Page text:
Whether you’re a marketer trying to recruit webinar attendees or a researcher hoping for better survey response rates, digital rewards can help. But with people getting busier and their time becoming ever more precious, what digital reward value is enough to achieve the desired results?
It can be a challenge to determine the best amount to maximize participation without killing your budget. As you use digital rewards more often, you’ll be able to try different amounts to find the sweet spot. To get started, though, here are four things to take into consideration.
The most basic measure of effort is the time commitment for the task you’re trying to encourage. Filling out a survey that takes 20 minutes to complete will obviously require a larger reward than a five-minute one. Test the survey or task and come up with an estimate of how long it will take participants to complete. Also remember to take into account things like travel time for an in-person focus group or the nature of the survey questions ― are they simple and require little thought, or are they more involved questions that take a little extra time to answer?
It’s important to be honest and realistic about the level of effort. Researchers often grossly underestimate the time it takes to complete their survey and set the wrong expectations for participants. As a result, participants may feel lied to and even abandon their responses.
You also have to consider the pool of respondents you’re trying to attract, both in terms of industry and seniority, and how much their time is worth. Are you inviting highly paid executives or midlevel staff? Assess the value of your respondents’ time based on how much they earn. You don’t need precise statistics ― a general sense of participants’ income level is enough. For example, retail workers, nurses, and entry-level sales representatives require a smaller reward than vice presidents, surgeons, or C-suite executives.
It makes sense to take the type of reward into consideration when determining the amount ― or vice versa. For instance, if you’re set on giving a digital reward for a luxury store such as Nordstrom or Pottery Barn, $5 will not be a very compelling amount for potential participants. Likewise for travel brands with big-ticket items, like airlines and hotels. Companies with limited budgets looking to drive engagement with smaller amounts should instead opt for rewards from Amazon, fast-food restaurants, coffee shops, and other similar brands. That way, respondents’ money will go further.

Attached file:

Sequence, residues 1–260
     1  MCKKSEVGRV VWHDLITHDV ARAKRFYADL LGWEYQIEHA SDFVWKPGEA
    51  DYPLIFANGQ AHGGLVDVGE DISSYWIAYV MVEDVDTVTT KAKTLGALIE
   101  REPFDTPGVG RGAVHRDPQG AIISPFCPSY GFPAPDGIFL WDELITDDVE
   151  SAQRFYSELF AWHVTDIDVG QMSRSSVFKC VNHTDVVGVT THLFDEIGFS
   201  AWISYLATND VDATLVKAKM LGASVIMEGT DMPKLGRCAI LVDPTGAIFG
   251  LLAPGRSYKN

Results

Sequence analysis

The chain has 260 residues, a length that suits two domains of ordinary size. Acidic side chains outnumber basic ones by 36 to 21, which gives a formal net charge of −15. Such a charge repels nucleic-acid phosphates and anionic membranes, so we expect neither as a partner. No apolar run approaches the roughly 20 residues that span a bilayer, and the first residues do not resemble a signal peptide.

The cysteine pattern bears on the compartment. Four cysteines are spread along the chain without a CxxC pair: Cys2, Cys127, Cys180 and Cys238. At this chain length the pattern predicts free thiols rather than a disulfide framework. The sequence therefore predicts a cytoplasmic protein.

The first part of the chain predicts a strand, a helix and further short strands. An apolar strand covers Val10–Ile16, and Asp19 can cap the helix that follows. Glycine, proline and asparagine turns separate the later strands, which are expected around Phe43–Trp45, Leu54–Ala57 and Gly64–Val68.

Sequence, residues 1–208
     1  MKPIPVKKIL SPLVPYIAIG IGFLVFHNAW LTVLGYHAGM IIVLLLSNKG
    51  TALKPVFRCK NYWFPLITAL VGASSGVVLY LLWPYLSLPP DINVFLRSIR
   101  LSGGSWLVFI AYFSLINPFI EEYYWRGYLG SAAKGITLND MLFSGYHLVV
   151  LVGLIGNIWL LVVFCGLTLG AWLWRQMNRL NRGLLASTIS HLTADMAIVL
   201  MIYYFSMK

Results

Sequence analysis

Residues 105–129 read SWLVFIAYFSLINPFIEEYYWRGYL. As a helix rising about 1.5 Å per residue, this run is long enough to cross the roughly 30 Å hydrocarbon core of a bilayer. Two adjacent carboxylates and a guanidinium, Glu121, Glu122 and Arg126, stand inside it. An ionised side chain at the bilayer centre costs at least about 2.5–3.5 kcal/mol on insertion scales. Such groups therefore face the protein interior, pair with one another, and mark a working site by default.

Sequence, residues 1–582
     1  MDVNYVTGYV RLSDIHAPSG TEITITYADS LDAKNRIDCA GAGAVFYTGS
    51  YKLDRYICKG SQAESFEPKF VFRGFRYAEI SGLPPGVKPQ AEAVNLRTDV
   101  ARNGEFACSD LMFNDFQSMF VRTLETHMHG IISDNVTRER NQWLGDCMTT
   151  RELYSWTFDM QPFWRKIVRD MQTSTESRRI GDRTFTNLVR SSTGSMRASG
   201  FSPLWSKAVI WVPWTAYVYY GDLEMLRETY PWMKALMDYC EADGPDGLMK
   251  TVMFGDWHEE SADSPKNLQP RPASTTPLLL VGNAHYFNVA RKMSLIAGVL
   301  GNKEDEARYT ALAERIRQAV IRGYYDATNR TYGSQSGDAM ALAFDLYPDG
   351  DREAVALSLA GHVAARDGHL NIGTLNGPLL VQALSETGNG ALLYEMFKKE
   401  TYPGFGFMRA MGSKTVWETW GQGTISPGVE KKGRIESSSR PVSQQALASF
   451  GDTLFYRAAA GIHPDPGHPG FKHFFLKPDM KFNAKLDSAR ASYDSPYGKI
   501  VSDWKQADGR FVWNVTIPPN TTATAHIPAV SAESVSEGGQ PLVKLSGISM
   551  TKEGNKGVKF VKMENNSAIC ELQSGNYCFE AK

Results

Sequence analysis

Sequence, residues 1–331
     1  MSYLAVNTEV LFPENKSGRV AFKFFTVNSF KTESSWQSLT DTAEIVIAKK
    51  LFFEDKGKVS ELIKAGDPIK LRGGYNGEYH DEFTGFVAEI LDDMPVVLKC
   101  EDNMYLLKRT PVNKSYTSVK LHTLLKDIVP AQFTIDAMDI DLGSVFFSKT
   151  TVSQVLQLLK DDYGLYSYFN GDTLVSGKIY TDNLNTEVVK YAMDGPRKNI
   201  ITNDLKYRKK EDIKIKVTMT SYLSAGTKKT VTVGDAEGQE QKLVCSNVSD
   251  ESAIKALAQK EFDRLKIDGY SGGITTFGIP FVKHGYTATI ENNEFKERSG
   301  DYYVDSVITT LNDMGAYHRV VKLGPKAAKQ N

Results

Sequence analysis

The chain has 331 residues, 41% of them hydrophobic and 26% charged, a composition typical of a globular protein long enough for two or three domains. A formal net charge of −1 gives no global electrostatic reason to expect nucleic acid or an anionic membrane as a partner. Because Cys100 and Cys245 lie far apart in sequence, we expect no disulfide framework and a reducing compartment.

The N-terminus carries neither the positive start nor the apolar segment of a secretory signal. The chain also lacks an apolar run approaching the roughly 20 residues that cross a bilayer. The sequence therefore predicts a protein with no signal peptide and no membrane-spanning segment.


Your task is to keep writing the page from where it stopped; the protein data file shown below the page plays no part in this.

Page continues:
The other consideration that may come into play is how valuable a person’s participation or the resulting data is to you. If, for example, a marketer is hosting a product webinar for prospects further down the funnel, who have already been nurtured and qualified, their participation may be worth more than those who are being invited to a general knowledge or thought leadership webinar. Therefore, you can increase attendance by offering a larger digital reward. If a particular survey is a major source of feedback for improvement, that may also call for a generous reward. Some researchers may even choose to overpay a little bit and use survey incentives to build positive goodwill.
For market or academic researchers, the value may also increase with the specificity and availability of the target audience. If you’re doing a survey whose only requirement is that the respondents be men ages 18-45, that is easy to find and recruit more respondents, if needed. But if you’re trying to reach 40- to 45-year-old redhead women who have three kids under 10 and live in Utah, your search becomes much more difficult, and it may be worth it to offer a larger reward to find those people.
Rybbon often uses this formula to estimate what reward amount would be compelling for a particular demographic of participants:
Time to complete task
Value of respondents’ time
Compelling reward value
For example, consider a survey that targets registered nurses. In 2020, registered nurses earned an average of about $80,000 annually, according to the U.S. Bureau of Labor Statistics. At about 2,000 hours per year, that works out to $40 per hour. If the survey is expected to take them half an hour to complete, the base reward value should be 0.5 times $40, or $20. Bumping up the reward value by about 50% helps make it an attractive proposition for your participants. For the nurse example, the whole calculation would be:
$40 per hour
That means a $30 digital reward is likely to be enough to motivate registered nurses to take your survey.
To ensure the effectiveness of your research programs, surveys, customer communities, and marketing campaigns, you must make sure your invitees are motivated to participate. Offering incentives is a great way to drive response rates and engagement ― but choosing the appropriate reward value is vital.
Only with an honest assessment of how much your respondents’ time is worth, what level of effort is required of them, and how valuable their participation is can you maximize the effectiveness of your incentive.